According to research by Pew
The nations inside the EU
Are starting to feel
The gist of the deal
Is not beneficial, who knew?
Today’s fight is over the banks
As Spain, France and It’ly close ranks
While Germans maintain
That they will abstain
Support for the others? No thanks
The euro is a bit softer this morning from yesterday’s close as the market reversed early gains in the wake of a much weaker than expected German ZEW Survey (released at 36.4, exp 40.0). But the headlines in the papers are over the angst that is increasingly visible by the EU nations as they try to reconcile significant differences over how to deal with banking resolutions. The sides remain the same, with Germany, Austria and the Netherlands insisting that a networked approach where each country deals with its own banking troubles is necessary and anything more than that would require Treaty changes. Meanwhile, the bulk of the rest of Europe, notably France, Italy and Spain contend that if there is no common banking support agency, with participation by all nations, then it won’t work. Of course this is the natural outcome given that the latter group is basically telling Germany that because they have the money, they have to pay, and the German’s are simply trying to hang onto their money. I thought it quite interesting that the results of an annual Pew Research survey showed that belief that the EU has been a benefit to each nation has tumbled to well less than half the population, with some countries, like France down to 41% in favor (Greece is, not surprisingly, at 11% beneficial). If the core population of the EU is not happy, just how long can they continue to support the single currency? This is symptomatic of the underlying flaws in the euro that are likely to prevent significant strength any time soon.
As to the rest of the market, it has been a very unexciting day. There has been little movement in the yen, and no news to drive things. It seems to be consolidating its recent losses ahead of its next move. I think 105 is in the cards for June, but for now, 100.50-102.50 is likely to contain us.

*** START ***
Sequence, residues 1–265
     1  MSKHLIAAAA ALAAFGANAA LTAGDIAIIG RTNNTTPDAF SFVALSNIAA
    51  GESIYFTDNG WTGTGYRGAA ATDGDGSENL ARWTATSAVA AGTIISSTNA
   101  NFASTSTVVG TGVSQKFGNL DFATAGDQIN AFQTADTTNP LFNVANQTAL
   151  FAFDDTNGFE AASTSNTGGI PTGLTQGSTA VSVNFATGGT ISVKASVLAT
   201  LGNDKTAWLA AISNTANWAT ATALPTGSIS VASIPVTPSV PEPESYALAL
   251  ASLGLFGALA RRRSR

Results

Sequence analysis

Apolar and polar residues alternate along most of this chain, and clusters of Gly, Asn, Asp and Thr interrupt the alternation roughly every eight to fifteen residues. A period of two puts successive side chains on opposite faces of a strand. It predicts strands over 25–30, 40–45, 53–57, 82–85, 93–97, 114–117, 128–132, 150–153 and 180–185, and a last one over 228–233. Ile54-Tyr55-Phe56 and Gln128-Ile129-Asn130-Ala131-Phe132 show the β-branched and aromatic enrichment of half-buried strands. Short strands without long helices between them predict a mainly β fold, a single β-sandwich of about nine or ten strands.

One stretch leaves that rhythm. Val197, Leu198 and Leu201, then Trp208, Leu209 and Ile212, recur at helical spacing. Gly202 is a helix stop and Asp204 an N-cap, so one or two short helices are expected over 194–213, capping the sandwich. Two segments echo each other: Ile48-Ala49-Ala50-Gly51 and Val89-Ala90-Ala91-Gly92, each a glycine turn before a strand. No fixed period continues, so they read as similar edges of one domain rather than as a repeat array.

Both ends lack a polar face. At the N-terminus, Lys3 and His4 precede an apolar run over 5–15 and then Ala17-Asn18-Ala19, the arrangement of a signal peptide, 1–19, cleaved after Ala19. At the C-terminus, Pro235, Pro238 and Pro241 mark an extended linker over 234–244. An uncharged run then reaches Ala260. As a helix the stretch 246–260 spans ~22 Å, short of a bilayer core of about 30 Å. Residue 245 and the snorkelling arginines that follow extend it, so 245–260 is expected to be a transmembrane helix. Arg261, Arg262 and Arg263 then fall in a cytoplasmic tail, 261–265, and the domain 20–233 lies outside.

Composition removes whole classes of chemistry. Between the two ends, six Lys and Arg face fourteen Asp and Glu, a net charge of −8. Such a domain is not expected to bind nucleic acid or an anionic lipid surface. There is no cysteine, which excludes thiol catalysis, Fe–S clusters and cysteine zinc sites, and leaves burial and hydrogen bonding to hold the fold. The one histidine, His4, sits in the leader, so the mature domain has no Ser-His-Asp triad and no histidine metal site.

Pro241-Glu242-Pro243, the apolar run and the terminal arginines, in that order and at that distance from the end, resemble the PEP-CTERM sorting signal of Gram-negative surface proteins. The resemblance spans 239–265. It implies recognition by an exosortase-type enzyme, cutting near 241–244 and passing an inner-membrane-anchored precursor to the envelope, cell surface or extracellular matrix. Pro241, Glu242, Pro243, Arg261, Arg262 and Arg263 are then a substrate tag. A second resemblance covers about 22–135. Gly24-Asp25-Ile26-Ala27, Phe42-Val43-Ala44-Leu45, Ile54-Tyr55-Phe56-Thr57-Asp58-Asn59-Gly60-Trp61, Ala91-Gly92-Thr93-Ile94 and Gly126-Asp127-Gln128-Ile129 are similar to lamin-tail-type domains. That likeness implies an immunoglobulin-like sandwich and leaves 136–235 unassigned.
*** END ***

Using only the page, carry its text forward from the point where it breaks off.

The pound is dull as well, with no data of note and only domestic policy discussions about banks and the potential EU referendum to keep business writers busy.
There was an article in the WSJ today about the AUDMXN cross, pointing out that many investors have been shorting AUD against the MXN all year as a proxy bet on the diverging economic outcomes of the US and China. While early in the year it was certainly a great trade, and it has gained about 9% in value so far this year, my concern is that if the Journal is writing about it, the opportunity may well be ending. Typically, when a trade idea hits the mainstream media, its run has ended. While I do still like AUD lower, it is not clear to me that MXN will continue to show the strength as it has to date.
Finally, it seems that my brief discussion of Chinese data yesterday was on the mark, as a number of analysts have reduced their GDP targets for 2013, with the median estimate now 7.8%, down from 8.0% before. Personally, I think we will have difficulty achieving that, and that the 7.5% level mentioned by Chinese Premier Li is more likely to be the end result. With that in mind, I expect that we will see a slowdown in what had been a steady appreciation of the CNY as the rest of the year progresses.